The partial U.S. government shutdown continues, as of this writing. Politicians wrangle will millions of people relying on government paychecks suffer. Bob Broeksmit, president and CEO of the MBA, writes, “The Washington Post had a surprising angle on the IRS restarting its fulfillment of tax return transcript requests (form 4506T), but I can’t help but wonder how the press would be reporting if we had not advocated this resumption on behalf of borrowers closing on purchase loans or taking advantage of the drop in interest rates to refinance their home mortgages. As with the resumption of flood insurance policy issuance and the announcement by the GSEs that servicers need not report to the bureaus when they make accommodations for workers affected by the shutdown, we will continue to advocate vigorously for homebuyers, homeowners, and federal employees impacted by the shutdown.”
William Taylor with Mortgage Factory Inc., dba Mortgages Direct, telegraphed, “Heartening to learn that uscurrency.gov has been spending money developing a mobile app that allows users to, “team up with Buck the Time-Traveling Dog on a quest through the historical events illustrated on the back of U.S. currency.’ Our tax dollars hard at work.”
US markets have been relatively untroubled by the partial government shutdown, having gained 4% overall since it began, and taxpayers have been told the Internal Revenue Service will likely issue their refunds, writes Ben Walsh. However, the White House has doubled its estimate of the possible effect on GDP and experts including JPMorgan Chase CEO Jamie Dimon have issued warnings on that aspect, while Walsh points out the airline industry could be particularly affected if the impasse continues.
As we head toward the Independent Mortgage Bankers Conference in San Francisco, “experts” continue to warn regulators about the financial stability of non-bank lenders. There is no doubt that nonbank lending has increased around the world.
In the United States, non-depository lenders currently account for roughly 60% of residential lending, per the Urban Institute. Industry analysts argue that non-banks or less regulated and more financially fragile than bank-owned lending operations. But their market share has ballooned. Give or take, nonbanks now account for about half of all residential mortgages, up from 20% in 2007, and about 75% of FHA and VA loans.
Nonbank lenders are arguably regulated by a patchwork of state and federal agencies that lack the resources to adequately oversee them, so risk can easily build unnoticed. And while the Federal Reserve lends money to banks in a pinch, it does not do the same for independent mortgage companies. Relative to production, they have little capital of their own and scant access to cash in an emergency. They rely on warehouse lines. But as we know a liquidity crisis can cut a company off at the knees, and if a warehouse bank cuts off a lender…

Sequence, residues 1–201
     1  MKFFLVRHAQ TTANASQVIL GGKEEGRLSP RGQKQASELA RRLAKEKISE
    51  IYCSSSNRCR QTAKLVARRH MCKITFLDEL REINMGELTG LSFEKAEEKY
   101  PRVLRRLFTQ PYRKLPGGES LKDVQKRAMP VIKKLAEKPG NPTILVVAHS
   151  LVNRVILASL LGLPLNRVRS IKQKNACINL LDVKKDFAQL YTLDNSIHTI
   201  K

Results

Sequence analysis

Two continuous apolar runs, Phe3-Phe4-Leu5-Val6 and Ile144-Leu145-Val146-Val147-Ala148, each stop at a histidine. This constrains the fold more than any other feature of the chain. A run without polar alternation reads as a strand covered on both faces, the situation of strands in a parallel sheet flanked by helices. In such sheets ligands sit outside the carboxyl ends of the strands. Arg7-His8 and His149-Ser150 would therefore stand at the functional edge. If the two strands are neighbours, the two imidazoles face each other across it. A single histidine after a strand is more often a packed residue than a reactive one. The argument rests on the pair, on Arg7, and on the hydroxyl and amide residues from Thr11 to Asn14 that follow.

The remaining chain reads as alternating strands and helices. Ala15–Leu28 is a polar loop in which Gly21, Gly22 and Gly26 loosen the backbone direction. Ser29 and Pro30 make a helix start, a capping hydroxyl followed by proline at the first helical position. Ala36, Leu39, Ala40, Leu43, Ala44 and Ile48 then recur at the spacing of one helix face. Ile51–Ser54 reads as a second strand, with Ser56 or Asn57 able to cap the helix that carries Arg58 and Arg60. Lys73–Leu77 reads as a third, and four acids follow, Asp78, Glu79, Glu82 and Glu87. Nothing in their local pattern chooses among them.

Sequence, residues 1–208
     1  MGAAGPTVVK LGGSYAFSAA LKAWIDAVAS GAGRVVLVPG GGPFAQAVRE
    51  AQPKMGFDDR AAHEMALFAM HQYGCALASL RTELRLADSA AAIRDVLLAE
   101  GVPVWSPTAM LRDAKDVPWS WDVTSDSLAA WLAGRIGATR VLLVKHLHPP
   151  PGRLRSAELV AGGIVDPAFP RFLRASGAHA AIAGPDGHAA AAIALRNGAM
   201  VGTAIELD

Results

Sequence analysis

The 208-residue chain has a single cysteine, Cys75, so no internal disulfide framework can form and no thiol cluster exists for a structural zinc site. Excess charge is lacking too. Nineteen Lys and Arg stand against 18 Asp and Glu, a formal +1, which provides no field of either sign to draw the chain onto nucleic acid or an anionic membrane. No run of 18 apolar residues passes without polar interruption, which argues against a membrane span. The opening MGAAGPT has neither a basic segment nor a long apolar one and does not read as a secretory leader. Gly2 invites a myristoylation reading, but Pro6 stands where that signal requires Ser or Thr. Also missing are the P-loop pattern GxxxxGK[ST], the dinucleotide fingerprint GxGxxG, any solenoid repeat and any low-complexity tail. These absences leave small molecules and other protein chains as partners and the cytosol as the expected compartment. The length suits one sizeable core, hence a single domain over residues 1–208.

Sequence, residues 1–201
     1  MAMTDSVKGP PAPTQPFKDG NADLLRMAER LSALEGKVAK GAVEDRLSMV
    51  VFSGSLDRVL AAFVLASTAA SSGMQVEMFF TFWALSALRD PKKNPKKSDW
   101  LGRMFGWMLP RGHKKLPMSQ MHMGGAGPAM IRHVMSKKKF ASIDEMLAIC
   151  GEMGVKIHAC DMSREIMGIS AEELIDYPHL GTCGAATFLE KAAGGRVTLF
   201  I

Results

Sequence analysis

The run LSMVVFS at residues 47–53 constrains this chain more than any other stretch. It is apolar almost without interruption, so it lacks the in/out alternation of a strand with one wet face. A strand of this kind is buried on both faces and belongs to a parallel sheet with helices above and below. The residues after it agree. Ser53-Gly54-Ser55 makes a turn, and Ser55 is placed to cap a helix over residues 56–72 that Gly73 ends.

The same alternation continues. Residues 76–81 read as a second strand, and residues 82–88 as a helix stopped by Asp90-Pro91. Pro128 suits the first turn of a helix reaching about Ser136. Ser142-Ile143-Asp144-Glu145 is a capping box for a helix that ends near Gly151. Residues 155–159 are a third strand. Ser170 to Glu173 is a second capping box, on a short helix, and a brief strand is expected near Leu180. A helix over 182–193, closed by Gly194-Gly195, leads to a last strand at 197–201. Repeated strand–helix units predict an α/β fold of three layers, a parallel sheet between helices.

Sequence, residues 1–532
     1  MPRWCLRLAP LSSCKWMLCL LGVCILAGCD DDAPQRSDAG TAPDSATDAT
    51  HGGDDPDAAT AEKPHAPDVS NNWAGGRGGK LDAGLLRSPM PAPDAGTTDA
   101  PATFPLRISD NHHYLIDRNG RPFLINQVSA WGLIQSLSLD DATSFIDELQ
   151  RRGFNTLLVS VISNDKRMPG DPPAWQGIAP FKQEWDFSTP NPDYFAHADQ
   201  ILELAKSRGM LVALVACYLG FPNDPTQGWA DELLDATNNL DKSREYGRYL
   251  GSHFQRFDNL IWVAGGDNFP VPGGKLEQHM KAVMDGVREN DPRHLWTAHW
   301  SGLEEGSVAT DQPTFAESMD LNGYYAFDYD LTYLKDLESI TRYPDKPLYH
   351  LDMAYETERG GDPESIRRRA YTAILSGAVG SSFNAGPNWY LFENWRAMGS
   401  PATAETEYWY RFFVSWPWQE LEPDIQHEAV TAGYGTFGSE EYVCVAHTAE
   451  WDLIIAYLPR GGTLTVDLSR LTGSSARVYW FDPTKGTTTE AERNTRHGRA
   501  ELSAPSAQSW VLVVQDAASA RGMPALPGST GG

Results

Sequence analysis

If non-depository lending were outlawed for residential loans, could banks and credit unions fill the void? Although it is highly unlikely, it is an interesting discussion topic within academia, regulators, bank conferences, and the MBA’s conference in SF.
This week the commentary had a primer on duration, which impacts rate sheets and therefore borrowers. The piece prompted Adam Haller, CFA, with North Carolina’s Prime Mortgage Lending, to send, “I had to check my own thinking when you wrote, ‘For those holding mortgages in their portfolio, the portfolio value falls when rates fall, as a larger chunk of those loans are expected to refinance and be paid off.’
“This is nuanced of course. The MSRs most definitely exhibit this behavior as they are an interest rate strip, and for the aggregators / servicers, the negative convexity (value falls when rates fall) is the dominant effect. They of course, off-load the pools of underlying MBS to even larger institutions. The underlying MBS, without the interest rate strip, does still exhibit the general fixed income inverse behavior of ‘value rises when rates fall.’ We see that every day in the TBA market, especially with small moves in interest rates. Today, Treasuries are up a little, and MBS down (of course not equally across the coupon stack). The tug of war is between how much of the value comes from the MBS behaving like a Treasury Bond, and how much of the value comes from the embedded prepayment option.
“As the prepayment option is widely known and generally baked into the valuation by all market participants, my hunch is that the only thing that matters is the slight edge that any participant has in forming those expectations, and how that really plays out on actual pools over time. I’m eager to hear ideas on how to gain an edge in prepayment modeling.
“It’s also discussed that MBS convexity, being negative or positive, is dependent on the level of interest rates. At lower rate levels, the prepayment option is more likely to be in the money, thereby potentially outweighing the change expected by duration. To further complicate matters, the shape and changing of the yield curve plays into the analysis. In short, it’s complicated! I am fortunate to have met some of the people in the business of working tirelessly to figure this all out.”
(Thanks to The Onion for this one.)
Woman Rushes To Hide Fragile Objects, Cover Up Sharp Corners On Tables Before Boyfriend Comes Over
OMAHA, NE—Deeming her entire apartment an “accident waiting to happen,” local woman Jeanine Kratz, 29, told reporters Wednesday that she was rushing to hide any fragile objects and cover up sharp corners on tables before her boyfriend came over.
“I really have to clean this place up as much as possible, because Chuck puts everything in his mouth and I worry he’ll swallow something and then I’m going to end up taking him to the emergency room,” said Kratz as she scrambled to remove any plastic bags the 32-year-old could suffocate on, place a lighter on a higher shelf, and hide any pill bottles that he could somehow “get his grubby little hands on.”
“It’s honestly amazing what he’ll get into, whether he’s climbing onto my countertops, pushing over my television, or sticking his fingers into outlets when I’m not looking. Last time, he fell straight through my glass table—I thought he was going to die. And that’s not even counting the time he piddled all over the carpet.”
At press time, Kratz excused herself to the other room after hearing a thud, followed by a loud wail and her boyfriend crying.